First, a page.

2. Digging up unwanted trees in our butterfly garden.  A group is working on a design and grant proposal for a professional educational sign.

3. Oak savanna - we've got a group working on another bench to help complete seating for our outdoor classroom by the pond in our 1-acre oak savanna. Now we just need a path that requires less maintenance and a huge work day (!) to remove the invasive buckthorn, etc.  We only made a small dent in the trail improvement this spring but a group of Maine East alumni will be helping us out in October!

4. Data collection about carbon sequestration value of trees in our oak savanna.

5. Native plant awareness and sale - May 29th from 10 - 2pm near the Dee & Dempster entrance by the oak savanna.  Here is our Facebook event for the sale.

6. Bird bath and feeder for butterfly garden - a creative design to repurpose old materials :)

7. Climate science student survey and awareness campaign.

8. And more - stay tuned...

Friday, September 2, 2016

2016 Hunger Banquet

Ecology club members worked with AP Environmental Science students (Phil Hua-Pham, Jocelyn Gonzalez, Charley Rasmussen, Rianne Parr, Faraz Hashmi, Jordimar Ariaga, Amal Sheth, Rene, Suban Chuhadry, Salman Chuhadry) to organize a fundraiser and awareness campaign for global poverty and environmental issues.   Students, teachers, and community members were invited to join either the low, middle, or high-income part of the world to experience what life is like for those of us who go without.  As you can see in the video below and Bugle article written up by a reporter who attended, this simulation made a big impact on people. There were even five children in the audience, several of whom spoke at the end about how eye-opening this was. I'm extremely proud of my students for their execution on this!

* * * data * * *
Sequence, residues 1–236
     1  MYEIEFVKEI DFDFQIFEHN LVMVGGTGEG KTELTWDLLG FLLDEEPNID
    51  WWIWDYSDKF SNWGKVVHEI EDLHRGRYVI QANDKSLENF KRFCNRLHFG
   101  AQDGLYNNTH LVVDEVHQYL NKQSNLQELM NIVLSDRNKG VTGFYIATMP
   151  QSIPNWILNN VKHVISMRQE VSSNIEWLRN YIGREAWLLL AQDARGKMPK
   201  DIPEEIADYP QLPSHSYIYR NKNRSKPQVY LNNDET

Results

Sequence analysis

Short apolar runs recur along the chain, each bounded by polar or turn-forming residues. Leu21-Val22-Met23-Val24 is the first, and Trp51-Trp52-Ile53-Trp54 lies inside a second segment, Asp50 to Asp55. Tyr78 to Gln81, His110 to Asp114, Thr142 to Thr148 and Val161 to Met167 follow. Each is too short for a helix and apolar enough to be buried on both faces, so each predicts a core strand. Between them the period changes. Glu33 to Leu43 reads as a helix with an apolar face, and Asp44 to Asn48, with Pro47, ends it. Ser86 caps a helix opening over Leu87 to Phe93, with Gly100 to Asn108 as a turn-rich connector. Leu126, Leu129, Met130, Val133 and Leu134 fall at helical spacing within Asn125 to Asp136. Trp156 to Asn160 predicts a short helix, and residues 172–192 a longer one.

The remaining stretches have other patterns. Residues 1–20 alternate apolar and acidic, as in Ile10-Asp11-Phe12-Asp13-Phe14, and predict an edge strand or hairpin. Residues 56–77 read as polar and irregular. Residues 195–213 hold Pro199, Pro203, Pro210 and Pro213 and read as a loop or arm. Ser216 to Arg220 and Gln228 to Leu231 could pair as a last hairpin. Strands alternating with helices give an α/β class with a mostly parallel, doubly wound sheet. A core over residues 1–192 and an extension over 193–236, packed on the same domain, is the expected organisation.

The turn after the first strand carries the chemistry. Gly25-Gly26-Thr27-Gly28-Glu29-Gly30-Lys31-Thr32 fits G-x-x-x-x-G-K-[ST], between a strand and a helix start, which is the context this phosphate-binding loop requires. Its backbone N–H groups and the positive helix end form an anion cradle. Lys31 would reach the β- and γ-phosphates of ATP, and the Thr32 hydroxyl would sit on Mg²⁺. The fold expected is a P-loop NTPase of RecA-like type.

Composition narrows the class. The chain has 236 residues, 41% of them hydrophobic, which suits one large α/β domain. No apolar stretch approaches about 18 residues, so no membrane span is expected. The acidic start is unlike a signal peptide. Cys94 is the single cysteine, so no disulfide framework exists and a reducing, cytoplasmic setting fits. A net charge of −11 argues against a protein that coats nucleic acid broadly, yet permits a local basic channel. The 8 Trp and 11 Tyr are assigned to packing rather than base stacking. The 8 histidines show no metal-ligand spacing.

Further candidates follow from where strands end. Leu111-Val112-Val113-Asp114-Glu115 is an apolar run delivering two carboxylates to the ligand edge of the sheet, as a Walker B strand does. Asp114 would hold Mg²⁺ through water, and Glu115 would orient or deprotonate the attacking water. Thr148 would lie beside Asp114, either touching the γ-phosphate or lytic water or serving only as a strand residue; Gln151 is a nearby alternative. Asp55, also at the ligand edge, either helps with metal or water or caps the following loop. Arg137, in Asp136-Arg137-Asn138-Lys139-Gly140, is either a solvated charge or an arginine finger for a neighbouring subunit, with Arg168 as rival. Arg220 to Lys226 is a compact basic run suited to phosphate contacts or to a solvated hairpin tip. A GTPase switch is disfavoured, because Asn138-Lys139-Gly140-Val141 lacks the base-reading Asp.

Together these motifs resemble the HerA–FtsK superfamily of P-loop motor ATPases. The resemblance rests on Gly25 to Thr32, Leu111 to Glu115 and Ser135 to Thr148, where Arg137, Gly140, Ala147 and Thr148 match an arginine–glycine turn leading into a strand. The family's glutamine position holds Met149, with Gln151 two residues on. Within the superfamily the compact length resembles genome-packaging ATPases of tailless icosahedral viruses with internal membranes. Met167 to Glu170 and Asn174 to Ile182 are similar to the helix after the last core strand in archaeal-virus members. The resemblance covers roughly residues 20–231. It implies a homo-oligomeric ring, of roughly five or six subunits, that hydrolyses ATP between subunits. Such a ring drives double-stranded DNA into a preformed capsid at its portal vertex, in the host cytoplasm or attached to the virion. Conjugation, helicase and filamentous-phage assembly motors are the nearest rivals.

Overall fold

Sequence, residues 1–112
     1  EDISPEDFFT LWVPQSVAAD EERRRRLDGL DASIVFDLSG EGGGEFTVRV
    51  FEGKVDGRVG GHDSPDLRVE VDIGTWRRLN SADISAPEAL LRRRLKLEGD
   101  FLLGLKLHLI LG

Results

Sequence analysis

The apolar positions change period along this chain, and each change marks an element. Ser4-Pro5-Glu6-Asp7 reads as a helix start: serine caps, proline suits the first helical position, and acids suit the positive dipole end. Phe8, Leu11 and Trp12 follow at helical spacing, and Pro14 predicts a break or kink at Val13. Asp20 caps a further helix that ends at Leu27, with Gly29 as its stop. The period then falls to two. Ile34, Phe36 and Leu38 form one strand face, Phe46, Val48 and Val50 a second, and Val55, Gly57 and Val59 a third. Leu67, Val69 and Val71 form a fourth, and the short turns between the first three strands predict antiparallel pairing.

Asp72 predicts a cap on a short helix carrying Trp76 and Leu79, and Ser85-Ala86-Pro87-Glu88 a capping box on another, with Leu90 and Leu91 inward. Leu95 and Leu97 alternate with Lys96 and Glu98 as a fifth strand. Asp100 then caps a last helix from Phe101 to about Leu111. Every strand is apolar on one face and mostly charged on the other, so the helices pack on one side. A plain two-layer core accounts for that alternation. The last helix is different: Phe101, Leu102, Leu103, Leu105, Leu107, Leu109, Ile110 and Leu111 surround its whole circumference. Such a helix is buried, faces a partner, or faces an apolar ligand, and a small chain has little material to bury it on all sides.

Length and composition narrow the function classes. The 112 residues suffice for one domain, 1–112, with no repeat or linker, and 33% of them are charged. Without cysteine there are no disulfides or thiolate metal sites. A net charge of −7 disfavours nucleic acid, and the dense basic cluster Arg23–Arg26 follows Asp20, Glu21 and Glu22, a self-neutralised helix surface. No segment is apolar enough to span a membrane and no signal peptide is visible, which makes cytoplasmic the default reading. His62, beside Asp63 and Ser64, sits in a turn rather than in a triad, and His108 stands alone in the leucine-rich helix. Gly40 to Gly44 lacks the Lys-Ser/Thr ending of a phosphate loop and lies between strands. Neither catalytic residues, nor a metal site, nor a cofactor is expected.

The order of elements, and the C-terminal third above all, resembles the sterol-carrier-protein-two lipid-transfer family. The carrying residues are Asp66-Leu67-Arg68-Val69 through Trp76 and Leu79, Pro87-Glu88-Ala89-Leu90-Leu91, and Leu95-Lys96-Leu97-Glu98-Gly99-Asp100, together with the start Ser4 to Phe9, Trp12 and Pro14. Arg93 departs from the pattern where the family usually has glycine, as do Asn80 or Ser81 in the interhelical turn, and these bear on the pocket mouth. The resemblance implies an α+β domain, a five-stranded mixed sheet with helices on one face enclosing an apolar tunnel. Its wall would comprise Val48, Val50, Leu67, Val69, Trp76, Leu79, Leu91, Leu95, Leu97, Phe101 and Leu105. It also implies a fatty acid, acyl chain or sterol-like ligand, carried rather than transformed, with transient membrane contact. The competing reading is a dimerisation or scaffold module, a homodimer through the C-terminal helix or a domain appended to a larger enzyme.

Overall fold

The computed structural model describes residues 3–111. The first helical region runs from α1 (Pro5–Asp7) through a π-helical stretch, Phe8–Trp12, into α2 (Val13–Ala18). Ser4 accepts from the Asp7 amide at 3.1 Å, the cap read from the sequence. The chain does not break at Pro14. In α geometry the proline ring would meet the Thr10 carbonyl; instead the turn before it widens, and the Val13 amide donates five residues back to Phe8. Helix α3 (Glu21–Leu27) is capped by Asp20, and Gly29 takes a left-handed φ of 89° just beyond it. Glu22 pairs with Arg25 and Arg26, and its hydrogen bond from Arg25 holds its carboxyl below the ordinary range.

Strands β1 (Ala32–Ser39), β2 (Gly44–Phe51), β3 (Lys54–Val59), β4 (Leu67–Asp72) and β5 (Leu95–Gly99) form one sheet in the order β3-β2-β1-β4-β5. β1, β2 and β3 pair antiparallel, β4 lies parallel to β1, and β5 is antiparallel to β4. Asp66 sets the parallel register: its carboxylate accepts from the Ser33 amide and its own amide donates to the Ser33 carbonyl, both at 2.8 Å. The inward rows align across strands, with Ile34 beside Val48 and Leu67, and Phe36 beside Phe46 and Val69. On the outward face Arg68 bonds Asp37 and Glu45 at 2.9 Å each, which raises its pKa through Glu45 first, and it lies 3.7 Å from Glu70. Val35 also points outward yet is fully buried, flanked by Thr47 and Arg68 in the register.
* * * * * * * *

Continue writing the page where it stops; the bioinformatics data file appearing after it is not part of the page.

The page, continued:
This event followed the Oxfam Hunger Banquet model to highlight the disparity in access to food and resources between low income and high income groups. This fundraiser was part of a greater effort to unite our school through one common initiative - adopting a Kenyan Village. Various clubs at Maine East worked hard to raise over $4,000.  Through this year-long effort  the Maine East Global Initiative project has been working alongside Free the Children in order to bring education, clean water, food security, and healthcare to these Kenyans in need.